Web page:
Ice Skating: Exposure warms young blades

A new generation of speed skaters is forging ahead. Mike Rowbottom reports
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The Independent Online
A chill wind blew speed skating some good this weekend. As the domestic sporting schedule receded in the face of wintry blasts, an activity which tends to receive publicity only in Olympic years gained unprecedented television air-time. The benefits of exposure...

Aptly enough, the face which presided over this year's British Championships at Guildford was that of Wilf O'Reilly. The man whose world and Olympic victories have raised the profile of British speed skating sharply from the horizontal in the last eight years was rinkside on Saturday as part of the commentary team for the BBC's Grandstand.

When his work was done, O'Reilly, now retired and running a television production company in the Netherlands, leaned down from his balcony over the skaters' enclosure he knew so well like a cherubic paterfamilias, exchanging good natured insults with the throng of juveniles, juniors and seniors seeking to follow his example.

As it turned out, the television people picked a good year. While Debbie Palmer and O'Reilly's successor, Nicky Gooch, retained their titles, there was an element of doubt which had not been present in 1996.

The challenge to Palmer, the 23-year-old European bronze medallist, seeking her sixth consecutive title, came from Sarah Lindsay, a 16-year-old from Surbiton, who beat her senior colleague in the last and shortest of their three finals, the 500 metres.

"Last year Debbie was skating by herself," said Lindsay after what was her first win at senior level in the national championships. "We weren't really competing with her. But I must have improved quite a lot, because I'm challenging her now."

Although Palmer, whose starting technique has been hampered by a leg injury, may have been erring on the side of caution in the sprint event, the positive way in which Lindsay took her chance augured well for her future career.

"It was a mental breakthrough for her," O'Reilly said. Last year Lindsay, whose blonde good looks appear perfect for potential sponsors, failed to find any backers from local businesses. Perhaps her televised exploits will convince one or two of them to reconsider.

Both women are looking ahead to November, when the qualifying event for the 1998 winter Olympics in Nagano takes place. While Lindsay is likely to join Palmer in competing, she may find herself crucially dependent on her rival. If Palmer, European bronze medallist and eighth in last year's World Championships, earns a top 20 place as expected, it will guarantee Britain two female skaters in Japan.

For Gooch, an Olympic bronze medallist in 1994 and reigning European champion, Saturday's problems were largely self-inflicted. His crash in the penultimate men's event, which allowed Matthew Jasper to draw level with him on overall points, came as a result of him failing to tighten a screw which secured one of his skating blades.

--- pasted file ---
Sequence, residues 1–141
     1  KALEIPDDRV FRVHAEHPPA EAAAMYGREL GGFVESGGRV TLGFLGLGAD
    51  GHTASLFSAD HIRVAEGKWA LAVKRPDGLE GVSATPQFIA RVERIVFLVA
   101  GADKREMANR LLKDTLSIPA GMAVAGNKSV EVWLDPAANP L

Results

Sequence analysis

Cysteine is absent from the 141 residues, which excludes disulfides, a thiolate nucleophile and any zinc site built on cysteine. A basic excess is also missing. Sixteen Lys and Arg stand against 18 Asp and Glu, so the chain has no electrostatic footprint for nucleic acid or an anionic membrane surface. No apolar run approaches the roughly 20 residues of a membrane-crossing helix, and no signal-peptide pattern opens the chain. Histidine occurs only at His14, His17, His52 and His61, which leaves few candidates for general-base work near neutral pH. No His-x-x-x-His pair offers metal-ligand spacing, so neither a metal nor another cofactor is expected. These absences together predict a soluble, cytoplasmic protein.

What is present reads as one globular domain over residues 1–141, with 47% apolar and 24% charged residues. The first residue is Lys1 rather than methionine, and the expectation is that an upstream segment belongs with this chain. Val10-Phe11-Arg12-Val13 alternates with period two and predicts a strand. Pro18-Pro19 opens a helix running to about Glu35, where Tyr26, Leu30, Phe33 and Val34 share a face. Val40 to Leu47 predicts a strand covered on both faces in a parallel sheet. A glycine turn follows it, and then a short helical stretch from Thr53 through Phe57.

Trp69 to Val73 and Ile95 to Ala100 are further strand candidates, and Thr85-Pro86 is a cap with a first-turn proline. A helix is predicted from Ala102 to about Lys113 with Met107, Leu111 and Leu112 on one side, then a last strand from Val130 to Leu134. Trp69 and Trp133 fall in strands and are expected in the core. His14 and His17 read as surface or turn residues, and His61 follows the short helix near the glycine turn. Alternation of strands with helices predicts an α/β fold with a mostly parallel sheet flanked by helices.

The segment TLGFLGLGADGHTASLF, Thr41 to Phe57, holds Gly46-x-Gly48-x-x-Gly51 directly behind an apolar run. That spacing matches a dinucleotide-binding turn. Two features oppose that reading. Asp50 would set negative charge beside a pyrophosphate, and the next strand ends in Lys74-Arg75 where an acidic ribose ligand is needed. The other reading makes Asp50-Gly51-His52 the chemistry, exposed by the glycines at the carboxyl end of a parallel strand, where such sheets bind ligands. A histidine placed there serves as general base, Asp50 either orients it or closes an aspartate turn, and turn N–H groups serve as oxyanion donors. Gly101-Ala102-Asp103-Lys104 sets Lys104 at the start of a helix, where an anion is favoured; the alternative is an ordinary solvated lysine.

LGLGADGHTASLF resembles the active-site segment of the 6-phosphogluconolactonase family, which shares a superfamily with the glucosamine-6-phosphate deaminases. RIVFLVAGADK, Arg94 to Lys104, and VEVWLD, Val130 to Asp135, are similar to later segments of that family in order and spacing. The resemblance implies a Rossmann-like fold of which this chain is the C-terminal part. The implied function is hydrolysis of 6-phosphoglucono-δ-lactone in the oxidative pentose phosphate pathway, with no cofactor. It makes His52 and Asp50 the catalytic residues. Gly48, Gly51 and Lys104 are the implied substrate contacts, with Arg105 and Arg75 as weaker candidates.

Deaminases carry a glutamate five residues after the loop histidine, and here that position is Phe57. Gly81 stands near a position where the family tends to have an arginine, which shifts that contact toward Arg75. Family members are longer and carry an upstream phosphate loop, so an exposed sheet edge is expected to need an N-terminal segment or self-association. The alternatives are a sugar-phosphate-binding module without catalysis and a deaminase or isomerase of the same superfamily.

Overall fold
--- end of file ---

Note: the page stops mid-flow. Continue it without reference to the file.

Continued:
Normal service was resumed in the final event, the 3,000m, where Gooch took his fourth title after holding off Jasper's challenge on the final bend. But while the pallid 22-year-old from Barnes was pleased to earn a fourth British championship, his preoccupation was with the potential financial problems he may face in preparing for the Olympic selection meeting.

Gooch is an Olympic and world medallist, yet he is obliged to train on his local Guildford rink at 12.30 at night, for the simple reason that he then gets the ice time free. His current grant from the Sports Aid Foundation will end in March, when responsibility will pass to the new National Lottery scheme. "If the Lottery money doesn't kick in straight away, I'm going to be in trouble," he said.

"I'm worried that there might be a funding gap in a very crucial part of our preparations. We have to be performing at the right time or we won't even qualify for the Olympics."

The way in which Gooch has taken over where O'Reilly left off in the past two years is seen by the latter man as a natural phenomenon.

"You are always going to have that relationship in any sport," O'Reilly said. "It was like that with Allan Wells and Linford Christie. Provided there is always someone there at the top doing it, it will always have a good effect on others."

And as Gooch, Jasper, Palmer and Lindsay proceed with Olympic aspirations, the next generations are pressing on behind. The juvenile title was won by Lindsay's 14-year-old brother, Matthew, spurred on by his sister's raucous encouragement.

His progress was made easier, however, by the withdrawal after two events of Joanna Williams - below senior level, all speed skating competition is mixed sex. Williams, one of seven children, all of whom are speed skaters, had a frustrating day as she attempted to become the first female to win the juvenile title. She had been on crutches until Wednesday after spraining her ankle in an event last weekend, and her injury contributed to a heavy fall in her first race. But those who know their speed skating predict that she will make a happier impact in the sport over the coming years.

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